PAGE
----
Scenes from the life of a ’90s-era phone-sex worker, as related by “Lilycat” in the book Hos, Hookers, Call Girls, and Rent Boys, edited by David Henry Sterry and R.J. Martin, Jr.:
There were many mothers [who worked for the company]. All were great women, and talking with them during the slow periods was the best part of the job. Let’s just say odd jobs collect odd characters to work at them, so the stories they had were great. …
The first call [I fielded] was on the one-nine-hundred number, which requires the workers to follow special rules. The one-eight-hundred number involves the use of a credit card to talk to a woman, so the age of the caller can often be verified, but many callers who use the nine-hundred line are under eighteen. We had a fiber optic Big Brother occasionally monitoring the phone calls to make sure we followed the rules. So we needed to make sure that we obeyed the rules and didn’t verbally give any hard-ons to minors (without them really working for it).
In addition, the rules for phone sex lines out of California in the late ’90s, as explained by my supervisors, specified that there could be no talk of bestiality, underage sex, or incest. This was taken so seriously that we couldn’t even use phrases like “Daddy’s little girl” or “Let me be your sex kitten” without verbally clarifying that we were over eighteen and not related to the callers, or that we weren’t actually feline. Do you know what a cock block it is, during a naughty-high-school-cheerleader-being-disciplined-by-the-principal story, when you have to stop and explain twice that you are an eighteen-year-old high school cheerleader?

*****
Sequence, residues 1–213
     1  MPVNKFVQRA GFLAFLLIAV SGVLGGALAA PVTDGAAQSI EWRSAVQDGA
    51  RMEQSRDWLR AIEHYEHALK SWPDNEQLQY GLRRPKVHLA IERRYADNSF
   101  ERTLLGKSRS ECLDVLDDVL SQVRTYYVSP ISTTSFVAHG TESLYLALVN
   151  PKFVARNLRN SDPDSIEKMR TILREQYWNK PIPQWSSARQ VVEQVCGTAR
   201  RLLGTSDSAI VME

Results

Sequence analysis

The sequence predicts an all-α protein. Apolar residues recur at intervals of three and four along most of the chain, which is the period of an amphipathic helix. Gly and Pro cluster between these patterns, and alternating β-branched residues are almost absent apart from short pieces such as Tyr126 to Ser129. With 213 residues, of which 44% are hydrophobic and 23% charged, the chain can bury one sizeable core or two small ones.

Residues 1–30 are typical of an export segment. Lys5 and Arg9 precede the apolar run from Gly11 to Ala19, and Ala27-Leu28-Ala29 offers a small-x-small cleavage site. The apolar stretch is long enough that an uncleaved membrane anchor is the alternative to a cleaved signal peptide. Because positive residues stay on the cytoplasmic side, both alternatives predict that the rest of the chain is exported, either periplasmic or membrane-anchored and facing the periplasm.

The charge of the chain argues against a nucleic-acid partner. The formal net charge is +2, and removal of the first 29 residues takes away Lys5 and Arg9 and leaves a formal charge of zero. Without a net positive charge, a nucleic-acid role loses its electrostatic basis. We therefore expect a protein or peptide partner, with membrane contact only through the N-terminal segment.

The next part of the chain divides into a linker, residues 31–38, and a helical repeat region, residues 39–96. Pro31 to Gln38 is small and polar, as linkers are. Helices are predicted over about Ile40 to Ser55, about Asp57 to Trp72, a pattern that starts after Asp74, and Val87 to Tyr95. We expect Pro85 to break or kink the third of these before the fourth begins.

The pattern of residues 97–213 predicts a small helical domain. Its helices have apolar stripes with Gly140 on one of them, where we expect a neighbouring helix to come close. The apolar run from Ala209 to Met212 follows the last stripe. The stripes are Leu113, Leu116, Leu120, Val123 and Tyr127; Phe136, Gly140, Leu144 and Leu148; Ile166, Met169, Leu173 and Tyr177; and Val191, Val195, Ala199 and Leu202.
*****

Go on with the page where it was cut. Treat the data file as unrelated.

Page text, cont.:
So, to make sure the callers were eighteen or older, we played the math game: We had to get the callers to give us not only their age, but year born and year graduated from high school. There was a chart of corresponding years so the phone sex workers wouldn’t have to do the math. If callers messed up on the math, they failed, and not only did they not get any “Baby, give it to me, give it to me hard,” but their coded phone numbers were put on a list. If any number appeared on the list more than three times, our supervisor would call the parents. Yes, the phone sex line would turn you in, junior.
Along with Minor Math, we had to play Feed Me the Line. We couldn’t use any sexually explicit words or phrases till the caller used them first. We couldn’t actually talk dirty to callers till they talked dirty to us, and strangely enough, getting a very horny man to talk dirty to you isn’t as easy as it seems. Most of the callers are slightly socially retarded toward women. If they were able to talk to women about what they wanted, they would be getting laid without Ma Bell playing madam. The typical caller expected you to be an easy verbal lay: Just dial the number and instant orgasmic satisfaction.
But I couldn’t give them what I knew they wanted without them “feeding me the line.” So it was a conversational tug-of-war: “Talk dirty to me.” “Tell me about what you want me to do for you.” “Talk dirty to me.” “Come on, baby, tell me your fantasy.” “I want you to talk dirty to me.” “Tell me exactly what you want me to talk about.” “Talk dirty to me.” And so on and so on.
Almost (almost) as surreal as Anthony Weiner’s press conference. Via delanceyplace.
Don’t get on Dick Cavett’s bad side: “I think the part that hurt the most was at the end I said, ‘His prose has all the sparkle of a second mortgage.’”
A wonderful bit from Meghan O’Rourke’s The Long Goodbye, a memoir about the death of her mother, who ends up passing away on Christmas Day: